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Animal trainers teach animals how to get along with humans. Some trainers teach pets to obey commands and avoid problem behaviors, such as barking or biting.
Other trainers teach animals to perform tricks. And some trainers teach animals to help their owners, as when a horse is trained to carry a rider or a service dog learns to use its eyes or ears for persons with disabilities.
The most common types of trainers are dog trainers, horse trainers, and marine mammal trainers.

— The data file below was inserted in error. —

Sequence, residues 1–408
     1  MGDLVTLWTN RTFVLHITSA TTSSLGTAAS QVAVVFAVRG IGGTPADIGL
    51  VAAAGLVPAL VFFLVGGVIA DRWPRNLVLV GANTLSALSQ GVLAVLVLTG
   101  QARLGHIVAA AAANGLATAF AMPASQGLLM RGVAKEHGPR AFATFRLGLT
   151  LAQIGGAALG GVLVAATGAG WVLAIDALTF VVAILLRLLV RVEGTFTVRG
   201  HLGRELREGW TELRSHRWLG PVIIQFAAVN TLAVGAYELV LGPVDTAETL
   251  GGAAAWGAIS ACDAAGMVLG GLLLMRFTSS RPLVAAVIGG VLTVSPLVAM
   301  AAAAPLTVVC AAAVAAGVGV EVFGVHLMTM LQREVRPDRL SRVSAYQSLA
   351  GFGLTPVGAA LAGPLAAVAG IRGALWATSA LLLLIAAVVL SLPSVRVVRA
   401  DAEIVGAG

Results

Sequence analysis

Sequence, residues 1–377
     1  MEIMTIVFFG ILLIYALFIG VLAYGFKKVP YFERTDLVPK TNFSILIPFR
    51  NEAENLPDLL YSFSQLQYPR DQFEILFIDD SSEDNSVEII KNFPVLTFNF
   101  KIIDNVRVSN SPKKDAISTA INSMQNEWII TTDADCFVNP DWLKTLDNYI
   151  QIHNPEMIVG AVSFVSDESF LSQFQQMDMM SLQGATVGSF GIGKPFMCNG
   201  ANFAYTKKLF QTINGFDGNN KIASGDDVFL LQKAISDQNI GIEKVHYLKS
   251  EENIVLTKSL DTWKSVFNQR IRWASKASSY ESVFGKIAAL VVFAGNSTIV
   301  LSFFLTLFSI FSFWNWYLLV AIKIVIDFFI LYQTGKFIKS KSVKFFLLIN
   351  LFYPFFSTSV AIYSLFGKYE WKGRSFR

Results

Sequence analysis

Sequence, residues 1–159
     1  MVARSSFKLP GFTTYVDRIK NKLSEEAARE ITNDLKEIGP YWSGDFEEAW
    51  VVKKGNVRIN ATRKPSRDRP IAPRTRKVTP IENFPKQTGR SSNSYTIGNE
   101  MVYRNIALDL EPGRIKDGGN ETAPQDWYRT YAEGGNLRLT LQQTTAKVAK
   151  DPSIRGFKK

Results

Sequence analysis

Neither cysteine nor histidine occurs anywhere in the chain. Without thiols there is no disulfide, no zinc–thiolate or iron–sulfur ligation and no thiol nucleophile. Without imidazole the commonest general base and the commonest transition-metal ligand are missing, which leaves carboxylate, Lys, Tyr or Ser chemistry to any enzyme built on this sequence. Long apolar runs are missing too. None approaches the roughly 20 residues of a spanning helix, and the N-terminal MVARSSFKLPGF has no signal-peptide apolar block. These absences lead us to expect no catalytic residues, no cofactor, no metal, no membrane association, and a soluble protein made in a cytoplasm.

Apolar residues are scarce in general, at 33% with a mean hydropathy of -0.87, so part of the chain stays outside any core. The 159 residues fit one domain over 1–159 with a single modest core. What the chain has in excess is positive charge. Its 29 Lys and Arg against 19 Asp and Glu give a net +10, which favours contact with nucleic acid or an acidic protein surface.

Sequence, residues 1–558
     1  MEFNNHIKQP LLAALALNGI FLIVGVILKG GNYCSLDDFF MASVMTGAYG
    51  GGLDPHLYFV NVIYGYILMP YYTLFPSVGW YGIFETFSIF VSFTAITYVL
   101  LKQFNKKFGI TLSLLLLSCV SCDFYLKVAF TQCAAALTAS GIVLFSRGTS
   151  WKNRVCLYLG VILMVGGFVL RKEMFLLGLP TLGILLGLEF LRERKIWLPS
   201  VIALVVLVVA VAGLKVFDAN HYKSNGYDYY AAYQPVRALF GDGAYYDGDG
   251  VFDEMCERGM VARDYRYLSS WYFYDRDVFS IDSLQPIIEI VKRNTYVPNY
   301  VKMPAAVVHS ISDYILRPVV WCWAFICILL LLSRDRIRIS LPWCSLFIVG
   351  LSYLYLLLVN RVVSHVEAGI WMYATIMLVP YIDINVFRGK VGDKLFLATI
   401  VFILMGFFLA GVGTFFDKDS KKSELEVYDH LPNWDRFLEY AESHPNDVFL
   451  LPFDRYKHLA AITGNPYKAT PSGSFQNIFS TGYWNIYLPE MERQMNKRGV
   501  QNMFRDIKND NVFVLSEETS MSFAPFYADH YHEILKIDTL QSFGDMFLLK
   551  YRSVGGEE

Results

Animal trainers had median earnings of $11.92 an hour, or about $24,800 annually for full-time work, in 2005. These data are medians, so half of all trainers earned more than that amount, and half earned less. The highest paid 10 percent earned more than $22.07 an hour, and the lowest paid 10 percent earned less than $7.37 hourly. These figures do not include the earnings of self-employed workers.
These data are from the Occupational Employment Statistics program. For more information, see "Careers for creature lovers" by Henry T. Kasper, Occupational Outlook Quarterly, Winter 2006-07.
Bureau of Labor Statistics, U.S. Department of Labor, The Economics Daily, Training animals for a living at https://www.bls.gov/opub/ted/2007/feb/wk3/art02.htm (visited June 08, 2023).